AS OF LATE, the center — which isn’t open to the public — has also become a pilgrimage site for French chefs, pâtissiers and fragrance-house noses, who often learn about it from their own suppliers; many citrus trees at pedigreed French farms can be traced back to buds and seeds from San Giuliano’s orchard. Pierre Hermé, the master of French macarons, visits every summer, as does Anne-Sophie Pic, a three-Michelin-star chef based in Valence, ready to sample a mild, sweet Israeli pomelo or an acidless ancient Italian orange with a subtle vanilla scent.
While the institute doesn’t compete with commercial producers, it has been known to make gifts of the rarest varieties; some chefs, like Pic, arrive with an empty bag. Back at her namesake restaurant, she plates honey-flavored Murcott tangor alongside skinless cherry tomatoes and crowns the meringue of her île flottante dessert with the zest of the American Wekiwa tangelolo, its floral flavor the result of breeding a grapefruit-tangerine hybrid with another grapefruit. These tasting expeditions at San Giuliano have inspired not only Pic’s menus but those of other leading French chefs as well, including Fabio Bragagnolo, who runs Casadelmar in southern Corsica, where he garnishes roast lamb with candied slices of syrupy, bitter Chinotto orange.
Contemporary French cuisine, of course, relies above all on the country’s specialized produce, terroir and agricultural heritage, and there are similar government-run parcels for cherries in Bordeaux, alliums in Brittany and nightshades in Avignon. As public institutions, they collect exhaustively, a luxury inaccessible to commercial farmers who remain subject to the whims of shifting consumer tastes and profit margins. In that way, the citrus conservancy serves as a corrective of sorts, a place where chefs can be inspired by the wildness of an entire genus, where a familiar yellow lemon grows beside its ancestors, the sour orange and the citron, but also its baroque cousins, like the blood lemon, marked by vivid red streaks on its rind, and the Beldi lemon, an aromatic Moroccan variety with hints of bergamot — all of which are descendants of a few distinct Southeast Asian citrus trees. “You might think you know a fruit,” says the chef Pierre Sang Boyer, who runs three popular namesake restaurants in Paris’s 11th Arrondissement. But at San Giuliano, “you learn it has a history — and you learn how nature works.”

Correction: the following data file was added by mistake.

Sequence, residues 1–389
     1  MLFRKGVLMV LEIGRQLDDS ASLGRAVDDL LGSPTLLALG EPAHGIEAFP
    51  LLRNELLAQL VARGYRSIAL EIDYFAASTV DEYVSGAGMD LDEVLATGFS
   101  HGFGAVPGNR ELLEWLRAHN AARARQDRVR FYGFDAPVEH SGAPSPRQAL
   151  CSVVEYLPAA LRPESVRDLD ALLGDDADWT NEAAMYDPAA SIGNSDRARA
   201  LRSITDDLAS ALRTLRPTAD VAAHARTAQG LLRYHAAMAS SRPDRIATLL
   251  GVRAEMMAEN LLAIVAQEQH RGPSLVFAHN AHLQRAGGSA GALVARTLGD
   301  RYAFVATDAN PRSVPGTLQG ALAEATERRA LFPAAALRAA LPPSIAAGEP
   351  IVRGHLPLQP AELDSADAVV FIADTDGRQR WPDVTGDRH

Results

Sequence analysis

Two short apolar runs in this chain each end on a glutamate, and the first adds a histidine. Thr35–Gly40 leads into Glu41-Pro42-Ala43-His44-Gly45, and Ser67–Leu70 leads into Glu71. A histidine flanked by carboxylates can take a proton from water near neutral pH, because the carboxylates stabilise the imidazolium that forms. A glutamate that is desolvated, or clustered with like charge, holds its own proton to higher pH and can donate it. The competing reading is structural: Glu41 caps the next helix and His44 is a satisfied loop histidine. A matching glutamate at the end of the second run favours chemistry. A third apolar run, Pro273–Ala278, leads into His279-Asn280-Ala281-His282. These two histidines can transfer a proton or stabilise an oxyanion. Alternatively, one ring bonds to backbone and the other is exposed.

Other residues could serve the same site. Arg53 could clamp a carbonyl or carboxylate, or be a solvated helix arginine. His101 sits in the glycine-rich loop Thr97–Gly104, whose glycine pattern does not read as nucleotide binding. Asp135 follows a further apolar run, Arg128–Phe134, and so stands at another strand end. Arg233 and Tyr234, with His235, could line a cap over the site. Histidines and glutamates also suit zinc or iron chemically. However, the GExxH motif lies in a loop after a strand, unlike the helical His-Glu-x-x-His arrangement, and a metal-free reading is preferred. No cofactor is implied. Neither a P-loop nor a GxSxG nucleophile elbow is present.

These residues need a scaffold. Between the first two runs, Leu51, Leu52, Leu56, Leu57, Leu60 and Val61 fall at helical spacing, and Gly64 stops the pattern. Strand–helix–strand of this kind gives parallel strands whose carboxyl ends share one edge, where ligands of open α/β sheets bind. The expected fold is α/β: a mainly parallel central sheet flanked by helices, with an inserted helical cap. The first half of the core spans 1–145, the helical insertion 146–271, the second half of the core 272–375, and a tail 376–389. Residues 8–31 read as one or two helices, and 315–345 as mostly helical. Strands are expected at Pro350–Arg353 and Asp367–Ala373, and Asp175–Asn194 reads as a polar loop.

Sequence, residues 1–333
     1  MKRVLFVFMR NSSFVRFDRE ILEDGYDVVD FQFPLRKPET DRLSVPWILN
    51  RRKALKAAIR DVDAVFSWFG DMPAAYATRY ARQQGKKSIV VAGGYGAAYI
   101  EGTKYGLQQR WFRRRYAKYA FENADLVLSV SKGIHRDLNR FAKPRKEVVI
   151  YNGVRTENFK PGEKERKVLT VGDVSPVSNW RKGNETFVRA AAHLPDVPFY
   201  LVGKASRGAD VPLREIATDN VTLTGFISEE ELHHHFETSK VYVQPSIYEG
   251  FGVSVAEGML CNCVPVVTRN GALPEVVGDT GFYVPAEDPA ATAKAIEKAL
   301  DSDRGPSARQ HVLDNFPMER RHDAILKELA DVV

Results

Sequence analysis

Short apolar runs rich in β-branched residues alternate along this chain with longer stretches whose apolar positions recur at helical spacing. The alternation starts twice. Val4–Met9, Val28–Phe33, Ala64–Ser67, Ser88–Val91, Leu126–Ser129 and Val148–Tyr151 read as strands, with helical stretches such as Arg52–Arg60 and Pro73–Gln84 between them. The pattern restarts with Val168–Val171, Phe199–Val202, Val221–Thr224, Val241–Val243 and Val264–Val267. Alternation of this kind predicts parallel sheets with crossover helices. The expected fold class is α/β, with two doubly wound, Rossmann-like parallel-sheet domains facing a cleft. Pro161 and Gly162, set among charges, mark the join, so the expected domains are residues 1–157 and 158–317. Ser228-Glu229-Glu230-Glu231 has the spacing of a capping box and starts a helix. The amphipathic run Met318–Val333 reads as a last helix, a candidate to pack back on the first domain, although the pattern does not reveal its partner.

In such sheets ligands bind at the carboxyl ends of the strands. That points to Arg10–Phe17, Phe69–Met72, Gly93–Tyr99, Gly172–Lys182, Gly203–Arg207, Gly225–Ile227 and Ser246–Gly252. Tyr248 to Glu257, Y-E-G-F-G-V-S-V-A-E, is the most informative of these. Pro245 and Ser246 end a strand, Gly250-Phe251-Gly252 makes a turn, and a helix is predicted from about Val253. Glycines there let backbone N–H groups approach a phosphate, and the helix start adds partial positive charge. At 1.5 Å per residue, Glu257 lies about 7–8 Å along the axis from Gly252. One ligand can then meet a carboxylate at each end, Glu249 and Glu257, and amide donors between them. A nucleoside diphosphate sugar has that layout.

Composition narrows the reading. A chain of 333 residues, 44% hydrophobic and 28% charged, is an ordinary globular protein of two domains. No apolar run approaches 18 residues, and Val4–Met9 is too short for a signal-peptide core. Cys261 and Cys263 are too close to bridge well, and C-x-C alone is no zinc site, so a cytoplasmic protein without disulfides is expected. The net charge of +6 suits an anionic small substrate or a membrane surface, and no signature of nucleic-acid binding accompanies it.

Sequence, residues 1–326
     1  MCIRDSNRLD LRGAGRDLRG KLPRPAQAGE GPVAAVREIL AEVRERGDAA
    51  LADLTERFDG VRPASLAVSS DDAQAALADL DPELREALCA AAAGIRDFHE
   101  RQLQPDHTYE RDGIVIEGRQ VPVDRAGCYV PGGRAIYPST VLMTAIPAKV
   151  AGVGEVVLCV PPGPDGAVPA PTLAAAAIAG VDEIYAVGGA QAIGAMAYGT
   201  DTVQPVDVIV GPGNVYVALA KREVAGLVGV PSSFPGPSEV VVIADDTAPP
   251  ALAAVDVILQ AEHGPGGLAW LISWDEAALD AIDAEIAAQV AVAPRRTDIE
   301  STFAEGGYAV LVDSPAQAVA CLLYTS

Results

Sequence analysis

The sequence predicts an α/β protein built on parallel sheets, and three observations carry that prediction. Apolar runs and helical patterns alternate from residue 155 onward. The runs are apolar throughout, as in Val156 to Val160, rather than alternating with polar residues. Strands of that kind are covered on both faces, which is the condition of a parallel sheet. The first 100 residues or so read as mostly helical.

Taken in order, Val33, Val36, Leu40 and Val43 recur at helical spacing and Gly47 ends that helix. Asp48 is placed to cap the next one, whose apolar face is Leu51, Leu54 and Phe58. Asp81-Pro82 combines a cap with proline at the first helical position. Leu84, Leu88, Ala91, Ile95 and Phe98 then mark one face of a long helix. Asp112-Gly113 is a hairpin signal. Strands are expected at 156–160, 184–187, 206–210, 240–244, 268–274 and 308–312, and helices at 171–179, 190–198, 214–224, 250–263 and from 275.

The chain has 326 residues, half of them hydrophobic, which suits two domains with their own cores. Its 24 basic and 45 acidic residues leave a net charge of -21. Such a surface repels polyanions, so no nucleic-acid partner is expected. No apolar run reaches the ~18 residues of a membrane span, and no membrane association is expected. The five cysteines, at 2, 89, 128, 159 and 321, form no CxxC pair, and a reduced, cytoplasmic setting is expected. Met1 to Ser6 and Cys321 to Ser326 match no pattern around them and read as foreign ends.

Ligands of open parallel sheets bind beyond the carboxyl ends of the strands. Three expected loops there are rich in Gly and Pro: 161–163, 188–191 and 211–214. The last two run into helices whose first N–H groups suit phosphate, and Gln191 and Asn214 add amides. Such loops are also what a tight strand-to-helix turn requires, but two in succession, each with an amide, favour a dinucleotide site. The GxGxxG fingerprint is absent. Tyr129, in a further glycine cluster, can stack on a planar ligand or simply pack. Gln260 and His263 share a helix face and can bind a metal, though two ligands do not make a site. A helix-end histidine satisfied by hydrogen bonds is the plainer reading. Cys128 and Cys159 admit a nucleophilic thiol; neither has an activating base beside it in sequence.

Citrus: Courtesy of CRB Citrus and Citrus Breeding INRAE CIRAD
www.nytimes.com 2021-02-24 18:40:13